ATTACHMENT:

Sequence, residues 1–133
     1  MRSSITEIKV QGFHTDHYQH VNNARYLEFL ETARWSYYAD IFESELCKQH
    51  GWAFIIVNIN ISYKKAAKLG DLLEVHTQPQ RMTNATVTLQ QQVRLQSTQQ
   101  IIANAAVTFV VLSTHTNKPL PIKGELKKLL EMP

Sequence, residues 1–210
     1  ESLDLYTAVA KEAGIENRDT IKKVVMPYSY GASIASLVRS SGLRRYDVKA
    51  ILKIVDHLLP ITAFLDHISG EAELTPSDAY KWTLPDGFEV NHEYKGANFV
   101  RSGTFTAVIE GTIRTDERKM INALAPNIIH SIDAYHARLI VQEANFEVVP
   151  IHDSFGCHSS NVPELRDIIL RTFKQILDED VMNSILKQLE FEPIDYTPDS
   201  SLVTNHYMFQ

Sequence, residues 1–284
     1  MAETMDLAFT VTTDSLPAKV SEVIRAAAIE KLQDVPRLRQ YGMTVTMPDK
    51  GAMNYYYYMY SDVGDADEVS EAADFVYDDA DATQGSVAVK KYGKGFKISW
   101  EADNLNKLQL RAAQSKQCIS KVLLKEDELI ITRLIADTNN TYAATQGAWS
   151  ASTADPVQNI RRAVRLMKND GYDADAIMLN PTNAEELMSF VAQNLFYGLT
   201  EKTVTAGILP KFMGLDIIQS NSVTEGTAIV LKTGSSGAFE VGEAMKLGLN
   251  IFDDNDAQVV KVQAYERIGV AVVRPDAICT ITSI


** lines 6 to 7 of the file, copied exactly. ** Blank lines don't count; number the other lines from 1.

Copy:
     1  ESLDLYTAVA KEAGIENRDT IKKVVMPYSY GASIASLVRS SGLRRYDVKA
    51  ILKIVDHLLP ITAFLDHISG EAELTPSDAY KWTLPDGFEV NHEYKGANFV